Benjamin Bathurst was a British diplomat who disappeared without a trace in Germany in 1809. In a day and age when sophisticated forensics didn’t exist, this might not sound too mysterious – especially during the Napoleonic Wars when murders, robberies and assassinations were common.
However, his disappearance was so notably sudden that many attributed it to a supernatural cause, even suggesting that he had hopped between dimensions. No, really.
Bathurst was travelling through Prussia at the time, under the alias of Baron de Koch. He and his German courier stopped in the town of Perleberg at an inn called the White Swan while they waited for fresh horses to be harnessed to their carriage. After staying a few hours, they were notified that their carriage was ready. Bathurst left the room immediately, and his companion followed shortly after – only to find that Bathurst had disappeared completely in the short distance between the inn and the carriage.
No sign of the diplomat could be found, and at first a search was not mobilised. As Bathurst was travelling under an alias as a commercial traveller, his disappearance was not noted until his companion managed to travel back to England with the news. Bathurst’s wife immediately left for Germany where a Captain von Klitzing had already mobilised his troops for an ultimately fruitless search.
The first sign found of the man was an expensive fur coat, turned up in the outhouse of a family that worked at the White Swan. Later, his pantaloons were found in the forest north of Perleberg — but no other trace of the man was ever discovered. Contemporary reports argued over whether Bathurst was in his right mind as he travelled through Prussia, with many investigators working under the impression that he had chosen to disappear of his own accord.
The most thorough account of Bathurst’s disappearance comes from Sabine Baring-Gould’s Historic Oddities and Strange Events:
On Mr. Bathurst’s return to the inn, he countermanded the horses; he said he would not start till night. He considered that it would be safer for him to spin along the dangerous portion of the route by night when Napoleon’s spies would be less likely to be on the alert. He remained in the inn writing and burning papers. At seven o’clock he dismissed the soldiers on guard, and ordered the horses to be ready by nine. He stood outside the inn watching his portmanteau, which had been taken within, being replaced on the carriage, stepped round to the heads of the horses — and was never seen again.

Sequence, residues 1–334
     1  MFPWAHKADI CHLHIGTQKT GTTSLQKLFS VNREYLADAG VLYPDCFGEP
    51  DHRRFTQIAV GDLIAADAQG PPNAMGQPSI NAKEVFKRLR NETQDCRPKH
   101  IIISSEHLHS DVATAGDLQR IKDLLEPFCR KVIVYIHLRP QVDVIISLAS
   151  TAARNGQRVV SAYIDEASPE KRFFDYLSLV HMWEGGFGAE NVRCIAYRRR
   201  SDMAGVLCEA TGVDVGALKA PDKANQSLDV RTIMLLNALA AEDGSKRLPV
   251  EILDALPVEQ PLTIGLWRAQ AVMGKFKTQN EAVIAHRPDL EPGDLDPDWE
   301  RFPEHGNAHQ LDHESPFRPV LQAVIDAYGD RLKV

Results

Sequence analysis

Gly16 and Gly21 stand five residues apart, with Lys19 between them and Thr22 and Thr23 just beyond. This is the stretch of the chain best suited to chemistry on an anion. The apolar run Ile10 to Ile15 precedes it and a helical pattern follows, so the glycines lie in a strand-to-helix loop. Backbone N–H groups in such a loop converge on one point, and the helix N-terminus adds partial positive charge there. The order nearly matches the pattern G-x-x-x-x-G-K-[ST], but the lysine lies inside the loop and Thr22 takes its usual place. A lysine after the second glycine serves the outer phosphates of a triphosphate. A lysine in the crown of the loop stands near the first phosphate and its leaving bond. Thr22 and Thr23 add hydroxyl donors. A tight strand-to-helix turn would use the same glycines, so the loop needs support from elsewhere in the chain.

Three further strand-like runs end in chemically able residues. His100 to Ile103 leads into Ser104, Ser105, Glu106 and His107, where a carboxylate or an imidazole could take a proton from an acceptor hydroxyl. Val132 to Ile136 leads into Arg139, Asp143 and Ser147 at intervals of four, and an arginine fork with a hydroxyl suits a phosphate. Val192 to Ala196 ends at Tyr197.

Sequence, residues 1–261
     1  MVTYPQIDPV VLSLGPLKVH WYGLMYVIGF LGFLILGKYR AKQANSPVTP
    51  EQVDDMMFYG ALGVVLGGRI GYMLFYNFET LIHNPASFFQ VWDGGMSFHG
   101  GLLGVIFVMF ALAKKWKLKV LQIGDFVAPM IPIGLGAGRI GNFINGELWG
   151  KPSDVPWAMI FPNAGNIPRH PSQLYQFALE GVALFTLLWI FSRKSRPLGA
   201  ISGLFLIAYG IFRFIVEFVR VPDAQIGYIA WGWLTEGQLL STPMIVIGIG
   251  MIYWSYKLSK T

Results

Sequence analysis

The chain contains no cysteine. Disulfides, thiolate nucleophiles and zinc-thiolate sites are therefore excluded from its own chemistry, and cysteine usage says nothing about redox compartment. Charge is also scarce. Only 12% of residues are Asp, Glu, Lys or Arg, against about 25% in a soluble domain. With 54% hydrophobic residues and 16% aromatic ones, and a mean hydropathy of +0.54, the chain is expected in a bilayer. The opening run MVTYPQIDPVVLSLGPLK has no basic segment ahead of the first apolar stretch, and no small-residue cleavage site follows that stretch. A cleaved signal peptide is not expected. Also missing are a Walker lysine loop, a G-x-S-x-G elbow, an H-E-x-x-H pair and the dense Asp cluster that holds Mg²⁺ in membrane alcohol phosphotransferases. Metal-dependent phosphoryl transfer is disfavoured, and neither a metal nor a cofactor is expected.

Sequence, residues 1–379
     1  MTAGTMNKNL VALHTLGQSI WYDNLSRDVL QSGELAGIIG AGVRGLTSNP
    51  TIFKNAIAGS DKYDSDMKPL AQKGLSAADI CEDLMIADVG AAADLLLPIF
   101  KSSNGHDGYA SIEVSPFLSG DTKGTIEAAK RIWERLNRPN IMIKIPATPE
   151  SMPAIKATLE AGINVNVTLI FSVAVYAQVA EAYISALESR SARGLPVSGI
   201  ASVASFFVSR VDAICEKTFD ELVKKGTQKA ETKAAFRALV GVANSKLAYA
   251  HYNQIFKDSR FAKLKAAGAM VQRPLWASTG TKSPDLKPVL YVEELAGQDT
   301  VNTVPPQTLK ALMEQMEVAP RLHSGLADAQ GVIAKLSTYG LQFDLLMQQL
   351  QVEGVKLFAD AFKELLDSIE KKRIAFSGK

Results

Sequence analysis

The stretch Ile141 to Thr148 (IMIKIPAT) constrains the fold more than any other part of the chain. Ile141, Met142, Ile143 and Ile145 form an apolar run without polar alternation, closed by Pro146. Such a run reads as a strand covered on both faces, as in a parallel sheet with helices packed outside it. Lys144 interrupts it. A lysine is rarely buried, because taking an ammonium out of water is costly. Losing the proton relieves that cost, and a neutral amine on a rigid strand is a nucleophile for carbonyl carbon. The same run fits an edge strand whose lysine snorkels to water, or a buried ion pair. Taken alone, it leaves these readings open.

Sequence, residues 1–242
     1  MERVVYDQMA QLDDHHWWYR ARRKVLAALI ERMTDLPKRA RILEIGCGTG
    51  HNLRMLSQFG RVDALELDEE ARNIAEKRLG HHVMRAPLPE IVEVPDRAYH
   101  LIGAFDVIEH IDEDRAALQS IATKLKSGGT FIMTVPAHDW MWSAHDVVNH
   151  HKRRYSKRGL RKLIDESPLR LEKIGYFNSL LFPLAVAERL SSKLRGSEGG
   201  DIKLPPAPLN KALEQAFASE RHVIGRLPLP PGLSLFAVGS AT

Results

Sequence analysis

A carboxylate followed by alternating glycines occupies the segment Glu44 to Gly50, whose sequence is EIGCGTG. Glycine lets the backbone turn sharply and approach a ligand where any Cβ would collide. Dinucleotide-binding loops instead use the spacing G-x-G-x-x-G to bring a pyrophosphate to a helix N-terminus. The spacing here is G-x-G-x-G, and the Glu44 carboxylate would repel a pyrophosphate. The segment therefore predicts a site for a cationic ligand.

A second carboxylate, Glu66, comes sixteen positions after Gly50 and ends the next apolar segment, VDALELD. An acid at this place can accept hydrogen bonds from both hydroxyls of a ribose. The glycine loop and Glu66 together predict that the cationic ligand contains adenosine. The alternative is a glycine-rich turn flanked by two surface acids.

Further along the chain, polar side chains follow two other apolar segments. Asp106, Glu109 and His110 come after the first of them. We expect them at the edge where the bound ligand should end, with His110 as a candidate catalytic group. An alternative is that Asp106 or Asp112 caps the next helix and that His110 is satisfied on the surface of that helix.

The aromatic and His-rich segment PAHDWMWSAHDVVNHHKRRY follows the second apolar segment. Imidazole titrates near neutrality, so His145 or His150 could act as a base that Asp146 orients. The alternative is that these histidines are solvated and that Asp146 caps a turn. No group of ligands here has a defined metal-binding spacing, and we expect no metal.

Baring-Gould does go on to say that it was quite dark at this time and though there were witnesses in the courtyard, not many of them were paying attention. Many of the witnesses had noted that the man seemed agitated in the hours before he disappeared, as though he knew he was in danger. Whether this was because the French were close by in the area, because he was mentally ill and potentially suicidal or even for another, stranger reason, no one knows.
The suddenness and completeness of his disappearance has always been a point of interest, however, to the point where it has inspired a number of science-fiction stories and novels. The most notable of these is ‘He Walked Around The Horses‘, a science fiction novel in which Bathurst slips into an alternate universe from the courtyard of the White Swan.
There was never any conclusive evidence of what really happened to Bathurst. In 1852, a skeleton was discovered under the threshold of a stable by a house not three hundred paces from the White Swan. The skull was fractured as if by a heavy instrument, and one of the lower molars had been removed by a dentist. While this skull was investigated, it was never conclusively decided whether it was Bathurst’s or not.
Was Bathurst a victim of a murder, a French kidnapping or did he simply step out of this world and into another, as some suggest? As with most of these mysteries, we’ll probably never know.
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